Sony adds 1080p support for PlayStation Now and discusses new cloud strategy

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After Microsoft just kicked off a limited beta of Xbox Cloud Gaming on PCs and iOS devices earlier this week, Sony has some important updates for its cloud gaming services today. First of all, the company’s PlayStation Now streaming service is getting support for 1080p this week, and the improved streaming quality will roll out over the next several weeks across the US, Canada, Europe, and Japan.

Both PlayStation Now and Microsoft’s Xbox Cloud Gaming launched with a default 720p quality, and that's clearly not enough when competing services like Google Stadia can stream games in 4K. Microsoft is also in the process of upgrading its server blades with next-gen Xbox hardware, and the company is said to be already testing Xbox Cloud Gaming at 1080p internally.

In an interview with the Japanese website Nikkei translated by VGC, Sony Interactive Entertainment CEO Jim Ryan also shared a bit more details about the company’s new cloud strategy following a new strategic partnership with Microsoft announced back in 2019. While Ryan is still keeping his cards close to his chest right now, the exec suggested that Sony is working on a new cloud gaming service that could be exclusive to PlayStation consoles, unlike the existing PlayStation Now service that is also available on Windows PCs.

“We’re still having conversations with [Microsoft] about exchanging ideas,” he said. “We’re still talking to them about exchanging ideas, and there’s some very interesting stuff, so when the time is right, we’ll announce our cloud strategy.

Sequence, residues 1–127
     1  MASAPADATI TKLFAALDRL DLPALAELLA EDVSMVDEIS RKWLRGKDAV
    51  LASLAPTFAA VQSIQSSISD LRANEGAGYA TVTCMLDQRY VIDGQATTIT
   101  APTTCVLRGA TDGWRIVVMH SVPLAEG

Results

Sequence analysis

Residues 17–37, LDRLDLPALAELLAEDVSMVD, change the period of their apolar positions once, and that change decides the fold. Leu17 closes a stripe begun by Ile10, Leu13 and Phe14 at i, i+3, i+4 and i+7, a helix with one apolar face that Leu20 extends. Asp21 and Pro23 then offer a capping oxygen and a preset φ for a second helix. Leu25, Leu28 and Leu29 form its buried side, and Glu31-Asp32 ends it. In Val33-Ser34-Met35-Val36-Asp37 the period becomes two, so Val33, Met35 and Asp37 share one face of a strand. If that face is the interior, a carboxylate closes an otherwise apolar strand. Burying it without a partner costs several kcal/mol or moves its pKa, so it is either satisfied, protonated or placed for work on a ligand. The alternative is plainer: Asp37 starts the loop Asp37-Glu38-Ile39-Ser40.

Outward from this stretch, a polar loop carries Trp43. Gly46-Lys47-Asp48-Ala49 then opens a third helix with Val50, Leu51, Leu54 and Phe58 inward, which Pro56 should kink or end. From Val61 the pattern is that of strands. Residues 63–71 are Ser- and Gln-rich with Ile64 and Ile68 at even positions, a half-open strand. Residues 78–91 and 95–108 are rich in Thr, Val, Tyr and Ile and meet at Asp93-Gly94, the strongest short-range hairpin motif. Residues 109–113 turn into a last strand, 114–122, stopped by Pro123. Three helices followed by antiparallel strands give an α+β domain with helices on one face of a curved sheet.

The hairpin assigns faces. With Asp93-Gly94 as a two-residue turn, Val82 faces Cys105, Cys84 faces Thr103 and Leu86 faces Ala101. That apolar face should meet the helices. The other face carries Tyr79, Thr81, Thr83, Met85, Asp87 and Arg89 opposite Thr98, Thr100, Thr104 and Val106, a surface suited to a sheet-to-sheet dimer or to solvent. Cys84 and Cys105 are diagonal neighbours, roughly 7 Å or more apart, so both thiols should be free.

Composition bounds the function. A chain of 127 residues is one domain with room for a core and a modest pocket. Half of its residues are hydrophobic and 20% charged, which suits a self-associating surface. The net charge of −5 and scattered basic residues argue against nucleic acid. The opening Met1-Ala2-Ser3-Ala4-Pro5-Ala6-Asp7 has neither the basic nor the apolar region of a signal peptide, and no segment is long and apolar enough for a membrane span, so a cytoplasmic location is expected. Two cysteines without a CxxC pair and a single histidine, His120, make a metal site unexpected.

“We could conceivably use the cloud for our technical infrastructure, but the cloud gaming experience we’re offering will be unique and only on PlayStation.”

Even though Sony was a pioneer in the cloud gaming space by launching its PlayStation Now service back in 2014, the company only had 2.2 million PlayStation Now subscribers in April 2020. In comparison, Microsoft announced in January that it had 18 million Xbox Game Pass subscribers, though the numbers of players using Xbox Cloud Gaming, which is currently restricted to the premium Xbox Game Pass Ultimate tier, is still unknown.

Sony has been selling more consoles than Microsoft for many years now, and Jim Ryan doesn't expect the PlayStation 5 to be Sony's last console. “It’s hard to answer that question right now, but history shows that sales peak in the third or fourth year,” Ryan told Nikkei. “At the end of the cycle, the cloud may play some role. I’m more optimistic about the future than I was a year ago,” the exec added.

A year ago, Xbox head Phil Spencer said that he was now seeing Amazon and Google as "the main competitors going forward," though both companies lack the massive user base and strong first-party studios lineup Sony currently enjoys. PlayStation Now may not get as much attention as Xbox Cloud Gaming or competing cloud gaming services right now, though the service is definitely becoming more attractive with the addition of big AAA games (Borderlands 3, Marvel's Avengers) and an affordable $59.99 a year pricing.

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